Tuesday, March 26, 2013

Planetary Science and the Haiku

According to the online website of the Smithsonian Magazine, the 2013 Lunar and Planetary Science Conference has taken to publishing a version of the formal Japanese poetic form haiku to summarize each of their papers. The latest 2013 conference, URL above, had thirty-two such haiku published. 

The specific form of the haiku that they are using is the 5-7-5 form: three lines total, the first line has 5 syllables, the second 7 syllables, and the third line 5 syllables.

Now it turns out that a haiku is actually much more than just these simple rules.  But it is probably too much to ask planetary scientists to worry too much about such niceties and we should just applaud their efforts to find a pithy summary of their published work.  

Here are the four haiku that the author of the article particularly liked.  The article goes into much more detail about what the paper was about.  See the complete article about the conference here.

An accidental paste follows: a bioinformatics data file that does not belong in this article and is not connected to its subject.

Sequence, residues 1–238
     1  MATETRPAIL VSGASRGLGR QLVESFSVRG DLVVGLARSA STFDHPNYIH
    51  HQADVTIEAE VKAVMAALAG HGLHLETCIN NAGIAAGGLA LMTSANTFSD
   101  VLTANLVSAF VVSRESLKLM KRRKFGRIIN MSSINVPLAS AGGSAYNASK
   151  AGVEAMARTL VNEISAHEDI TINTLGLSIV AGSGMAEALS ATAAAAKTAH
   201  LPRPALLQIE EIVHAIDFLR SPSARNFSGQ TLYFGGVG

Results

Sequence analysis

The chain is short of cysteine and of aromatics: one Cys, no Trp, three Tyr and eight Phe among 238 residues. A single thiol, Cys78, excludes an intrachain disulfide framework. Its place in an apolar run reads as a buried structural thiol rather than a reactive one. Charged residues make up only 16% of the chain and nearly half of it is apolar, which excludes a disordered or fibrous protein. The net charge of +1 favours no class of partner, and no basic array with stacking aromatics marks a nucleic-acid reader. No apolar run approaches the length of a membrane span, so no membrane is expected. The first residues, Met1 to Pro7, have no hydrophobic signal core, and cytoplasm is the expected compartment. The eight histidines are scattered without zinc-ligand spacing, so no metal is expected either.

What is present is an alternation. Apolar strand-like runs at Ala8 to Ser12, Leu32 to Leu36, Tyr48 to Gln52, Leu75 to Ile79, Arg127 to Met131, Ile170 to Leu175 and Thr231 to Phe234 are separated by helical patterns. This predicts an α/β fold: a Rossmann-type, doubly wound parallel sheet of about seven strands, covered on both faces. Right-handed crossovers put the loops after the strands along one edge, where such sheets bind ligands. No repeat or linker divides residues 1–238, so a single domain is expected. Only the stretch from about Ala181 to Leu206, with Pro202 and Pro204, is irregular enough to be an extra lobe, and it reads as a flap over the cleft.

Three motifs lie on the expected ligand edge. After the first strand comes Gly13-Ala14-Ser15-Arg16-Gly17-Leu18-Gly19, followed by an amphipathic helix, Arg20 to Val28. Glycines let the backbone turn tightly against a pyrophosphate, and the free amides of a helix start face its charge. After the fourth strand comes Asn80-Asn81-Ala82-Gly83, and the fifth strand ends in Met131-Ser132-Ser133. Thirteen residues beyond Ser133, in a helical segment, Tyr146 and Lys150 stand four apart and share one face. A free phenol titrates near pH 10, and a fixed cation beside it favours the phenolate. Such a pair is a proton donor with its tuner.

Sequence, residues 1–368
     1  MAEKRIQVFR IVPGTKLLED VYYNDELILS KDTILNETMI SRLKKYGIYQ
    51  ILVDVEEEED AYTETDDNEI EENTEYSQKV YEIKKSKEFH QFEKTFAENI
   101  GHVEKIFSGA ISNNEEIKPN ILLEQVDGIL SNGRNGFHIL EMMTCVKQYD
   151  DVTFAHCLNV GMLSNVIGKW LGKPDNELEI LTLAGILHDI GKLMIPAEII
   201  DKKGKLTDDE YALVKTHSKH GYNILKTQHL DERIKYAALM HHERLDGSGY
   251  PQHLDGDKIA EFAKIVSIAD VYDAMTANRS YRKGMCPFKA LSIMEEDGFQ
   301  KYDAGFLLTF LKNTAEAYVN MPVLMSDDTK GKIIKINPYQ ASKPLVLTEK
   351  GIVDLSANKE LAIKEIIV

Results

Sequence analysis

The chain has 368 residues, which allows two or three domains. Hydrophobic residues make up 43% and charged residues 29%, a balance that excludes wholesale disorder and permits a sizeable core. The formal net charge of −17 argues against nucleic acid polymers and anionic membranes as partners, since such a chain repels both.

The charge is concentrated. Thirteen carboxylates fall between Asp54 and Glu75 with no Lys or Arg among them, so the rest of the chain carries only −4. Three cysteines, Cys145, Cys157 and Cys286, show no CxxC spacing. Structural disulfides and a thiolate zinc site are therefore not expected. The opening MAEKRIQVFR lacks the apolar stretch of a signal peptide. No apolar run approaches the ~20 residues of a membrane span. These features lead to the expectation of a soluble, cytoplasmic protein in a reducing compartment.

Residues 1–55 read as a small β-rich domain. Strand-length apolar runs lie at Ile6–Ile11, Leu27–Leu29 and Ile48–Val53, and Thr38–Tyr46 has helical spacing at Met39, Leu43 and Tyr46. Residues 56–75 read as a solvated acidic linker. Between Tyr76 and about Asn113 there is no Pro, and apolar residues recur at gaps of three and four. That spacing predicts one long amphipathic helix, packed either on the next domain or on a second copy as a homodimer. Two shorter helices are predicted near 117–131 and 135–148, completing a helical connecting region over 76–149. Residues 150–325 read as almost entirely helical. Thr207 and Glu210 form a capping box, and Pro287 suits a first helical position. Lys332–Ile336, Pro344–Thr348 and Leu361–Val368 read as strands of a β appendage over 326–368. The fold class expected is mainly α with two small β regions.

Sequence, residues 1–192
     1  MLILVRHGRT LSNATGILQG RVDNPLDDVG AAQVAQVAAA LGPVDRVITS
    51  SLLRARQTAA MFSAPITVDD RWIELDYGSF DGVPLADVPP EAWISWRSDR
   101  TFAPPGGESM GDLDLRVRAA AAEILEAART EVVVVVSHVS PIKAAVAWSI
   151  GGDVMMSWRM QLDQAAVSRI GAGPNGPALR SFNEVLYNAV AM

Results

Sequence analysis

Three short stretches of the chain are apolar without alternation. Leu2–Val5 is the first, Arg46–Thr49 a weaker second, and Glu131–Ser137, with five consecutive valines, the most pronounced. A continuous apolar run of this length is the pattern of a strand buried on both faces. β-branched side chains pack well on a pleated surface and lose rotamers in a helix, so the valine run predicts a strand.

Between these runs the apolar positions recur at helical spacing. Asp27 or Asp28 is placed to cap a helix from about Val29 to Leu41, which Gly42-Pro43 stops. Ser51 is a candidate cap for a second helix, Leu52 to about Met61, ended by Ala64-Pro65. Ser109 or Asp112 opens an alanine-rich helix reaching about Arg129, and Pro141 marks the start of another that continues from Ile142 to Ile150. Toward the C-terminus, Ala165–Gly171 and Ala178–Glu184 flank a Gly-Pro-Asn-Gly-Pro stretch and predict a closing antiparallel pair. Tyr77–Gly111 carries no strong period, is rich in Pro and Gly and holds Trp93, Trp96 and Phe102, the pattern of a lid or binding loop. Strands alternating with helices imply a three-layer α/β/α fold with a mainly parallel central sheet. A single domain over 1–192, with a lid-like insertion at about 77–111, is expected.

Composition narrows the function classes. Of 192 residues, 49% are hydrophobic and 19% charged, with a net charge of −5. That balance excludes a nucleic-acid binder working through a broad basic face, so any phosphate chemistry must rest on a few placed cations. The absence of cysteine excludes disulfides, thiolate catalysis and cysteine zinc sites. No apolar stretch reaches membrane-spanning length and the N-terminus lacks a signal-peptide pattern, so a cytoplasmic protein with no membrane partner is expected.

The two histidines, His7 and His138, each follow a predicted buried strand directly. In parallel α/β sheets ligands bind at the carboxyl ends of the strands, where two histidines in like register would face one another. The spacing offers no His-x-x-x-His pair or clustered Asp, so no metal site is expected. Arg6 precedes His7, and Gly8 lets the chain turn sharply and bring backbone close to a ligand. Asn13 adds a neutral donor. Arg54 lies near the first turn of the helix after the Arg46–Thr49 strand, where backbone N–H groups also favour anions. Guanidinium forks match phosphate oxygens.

What a haiku is supposed to look like  

The haiku for a paper on the orbits of Phobos and Deimos, moons of Mars, was

        Two moons in the sky
        wandering by the Sun’s face
        their orbits constrained.

For a paper on the fate of benzene observed in a lake on Titan, a moon of Saturn, we have:

        Tiny little rings
        Drifting in a Titan lake
        Fade away slowly.

On the issue of the content of a meteorite, and whether it contained exotic materials, we have:

        Oh, “megachondrule”
        We were sadly mistaken
        You are impact melt.

Finally, a paper analyzing the data from an old Viking experiment to see if they could detect atmospheric conditions on Mars, has

        Whispers from the past
        Viking mostly felt the wind
        Let’s all look closer

We have previously discussed haiku on Global Wahrman here:

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